The Asian Context

Sowa Rigpa – the Tibetan science of healing – has been widely spread across the Tibetan cultural area over the last millennium. Adapted to different local contexts, it is practiced today in a whole range of countries as part of their cultural heritage.

The Sowa Rigpa industry, by comparison, is a very recent and still ongoing development. So far, it remains limited to China, India, Mongolia and Bhutan – the only countries to officially recognize Tibetan medicine as integral to their national economies and health policies.



Tibet | China

China has the largest and most developed industry for Tibetan pharmaceuticals, located especially in the Tibet Autonomous Region (TAR), Qinghai and Gansu. Today, this industry is completely privatized and largely Chinese-owned, and touted as one of the region’s pillar industries worth anywhere between 80 and 150 million USD. Still young and attracting considerable investment in the context of China’s overall pharmaceutical expansion, it recently entered a third phase of major transformation. In 2011, new Good Manufacturing Practices (GMP) were introduced in order to streamline Chinese quality control procedures with EU, US and WHO standards, and thus to make Chinese drugs more competitive on the international market. This move has far-reaching implications for the Sowa Rigpa industry, and is likely to provide a further strong impetus to the pharmaceuticalization, commercialization and industrialization of Tibetan medicine.


The second most important producers of Tibetan pharmaceuticals are exile-Tibetan institutional and private manufacturers in India. Although the size and value of its market is only a fraction of its counterpart in China or the Indian Ayurvedic market, Tibetan medicine constitutes one of the most important economic resources of the Tibetan diaspora community in South Asia. In 2008, Tibetan pharmaceutical production in India had a total output of some 60 tons and an overall turnover of around one million USD. With Sowa Rigpa’s official recognition by the Indian government in 2010 and subsequent plans to develop its industry, however, exile-Tibetan medicine has entered a period of major growth and transformation.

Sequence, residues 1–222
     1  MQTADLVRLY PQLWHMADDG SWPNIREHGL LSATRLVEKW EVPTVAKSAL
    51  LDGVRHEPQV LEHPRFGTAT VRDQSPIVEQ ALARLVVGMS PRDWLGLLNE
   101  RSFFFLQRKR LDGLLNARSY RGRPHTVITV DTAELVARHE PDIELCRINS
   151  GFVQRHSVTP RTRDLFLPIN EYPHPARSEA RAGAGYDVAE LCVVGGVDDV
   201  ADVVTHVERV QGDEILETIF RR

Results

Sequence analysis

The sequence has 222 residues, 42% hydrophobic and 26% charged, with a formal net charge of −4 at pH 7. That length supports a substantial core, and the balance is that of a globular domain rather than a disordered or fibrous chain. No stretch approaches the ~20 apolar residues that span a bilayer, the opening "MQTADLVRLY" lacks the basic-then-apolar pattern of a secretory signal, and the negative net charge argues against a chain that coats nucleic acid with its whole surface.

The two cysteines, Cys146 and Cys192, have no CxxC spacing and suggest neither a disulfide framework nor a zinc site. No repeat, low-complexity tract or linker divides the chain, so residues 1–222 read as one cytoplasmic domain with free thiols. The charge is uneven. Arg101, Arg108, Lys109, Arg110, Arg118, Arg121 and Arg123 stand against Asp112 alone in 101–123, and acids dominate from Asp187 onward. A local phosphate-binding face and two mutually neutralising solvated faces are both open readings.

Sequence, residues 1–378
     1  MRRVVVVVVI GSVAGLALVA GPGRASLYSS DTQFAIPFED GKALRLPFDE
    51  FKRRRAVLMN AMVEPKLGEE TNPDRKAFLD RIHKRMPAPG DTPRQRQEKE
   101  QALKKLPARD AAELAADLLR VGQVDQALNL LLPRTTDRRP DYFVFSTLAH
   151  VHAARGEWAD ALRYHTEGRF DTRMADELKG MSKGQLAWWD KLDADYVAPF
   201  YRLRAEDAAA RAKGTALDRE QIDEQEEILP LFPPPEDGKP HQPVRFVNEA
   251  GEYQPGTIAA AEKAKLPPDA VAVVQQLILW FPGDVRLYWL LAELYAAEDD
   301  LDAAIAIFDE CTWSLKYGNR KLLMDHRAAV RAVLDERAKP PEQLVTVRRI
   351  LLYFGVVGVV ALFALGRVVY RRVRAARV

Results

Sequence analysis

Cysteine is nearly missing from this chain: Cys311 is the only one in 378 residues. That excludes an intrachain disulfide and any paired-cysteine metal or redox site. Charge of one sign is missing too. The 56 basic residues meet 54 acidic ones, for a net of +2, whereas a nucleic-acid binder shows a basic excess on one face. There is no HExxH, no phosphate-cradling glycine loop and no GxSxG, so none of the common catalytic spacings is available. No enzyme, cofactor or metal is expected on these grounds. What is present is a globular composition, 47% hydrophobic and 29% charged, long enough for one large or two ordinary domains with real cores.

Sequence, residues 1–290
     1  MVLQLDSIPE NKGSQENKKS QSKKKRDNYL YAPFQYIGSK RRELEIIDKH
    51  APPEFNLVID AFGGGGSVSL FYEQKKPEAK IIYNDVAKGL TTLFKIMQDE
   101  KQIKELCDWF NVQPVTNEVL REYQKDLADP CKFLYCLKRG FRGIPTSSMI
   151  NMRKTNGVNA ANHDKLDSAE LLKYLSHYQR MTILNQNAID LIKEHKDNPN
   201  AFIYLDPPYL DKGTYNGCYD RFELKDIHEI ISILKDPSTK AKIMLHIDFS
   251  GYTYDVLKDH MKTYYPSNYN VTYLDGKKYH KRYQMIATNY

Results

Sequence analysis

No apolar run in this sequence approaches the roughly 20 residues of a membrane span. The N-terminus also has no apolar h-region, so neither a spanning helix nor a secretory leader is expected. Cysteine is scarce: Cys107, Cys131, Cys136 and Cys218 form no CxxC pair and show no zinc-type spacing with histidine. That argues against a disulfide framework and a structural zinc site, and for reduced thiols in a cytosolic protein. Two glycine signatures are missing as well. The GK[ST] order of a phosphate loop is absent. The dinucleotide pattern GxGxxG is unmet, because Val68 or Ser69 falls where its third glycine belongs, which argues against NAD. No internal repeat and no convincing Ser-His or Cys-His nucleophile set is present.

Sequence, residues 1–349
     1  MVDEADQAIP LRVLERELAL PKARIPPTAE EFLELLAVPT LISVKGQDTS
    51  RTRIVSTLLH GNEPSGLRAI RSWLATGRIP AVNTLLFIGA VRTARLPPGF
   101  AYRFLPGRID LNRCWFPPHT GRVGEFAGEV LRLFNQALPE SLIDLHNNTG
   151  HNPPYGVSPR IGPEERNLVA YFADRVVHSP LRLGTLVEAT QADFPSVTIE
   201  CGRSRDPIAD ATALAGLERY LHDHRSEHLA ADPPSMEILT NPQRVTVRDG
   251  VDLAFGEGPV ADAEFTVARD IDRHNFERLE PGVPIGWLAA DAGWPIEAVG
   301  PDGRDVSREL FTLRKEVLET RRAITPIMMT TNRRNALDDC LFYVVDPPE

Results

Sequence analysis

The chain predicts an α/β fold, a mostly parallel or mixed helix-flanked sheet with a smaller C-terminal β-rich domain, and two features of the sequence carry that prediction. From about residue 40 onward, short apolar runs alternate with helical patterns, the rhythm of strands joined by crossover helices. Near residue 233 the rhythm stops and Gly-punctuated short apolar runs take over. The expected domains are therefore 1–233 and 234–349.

Tibetan medicine was introduced to Mongolia in the 13th century and has long served as the only formal medical system there. By the time of the democratic revolution in 1990, however, “Mongolian Traditional Medicine” was no longer intact after 70 years of Soviet repression. Following its recent rapid development with active state support, it is today fully integrated into the national health system, with hundreds of public and private traditional hospitals serving about one quarter of the total population. In 2006, six traditional drug manufacturers produced a total of 7.8 tons of medicines with a retail value of 131,200 USD, some of which were patented and exported.


Tibetan medicine was formally introduced to Bhutan in the 17th century, and is today centrally organized and integrated in the national health system through the National Institute of Traditional Medicine Services (NITMS) in Thimphu. The 1998 founding of the Pharmacy and Research Unit (PRU) and the creation of a “Menjong Sorig Pharmaceuticals” product line with substantial EU-funding and modern quality control technology marked a clear commitment by the Bhutanese government to build a traditional pharma industry catering to both national and international markets. In 2007-08, the NITMS had an overall budget of about half a million USD and produced about 8 tons of medicines. Today, the development of the Sowa Rigpa industry in Bhutan is undergoing a crucial phase, with several state-directed initiatives for commercializing “Bhutanese traditional medicine” under way.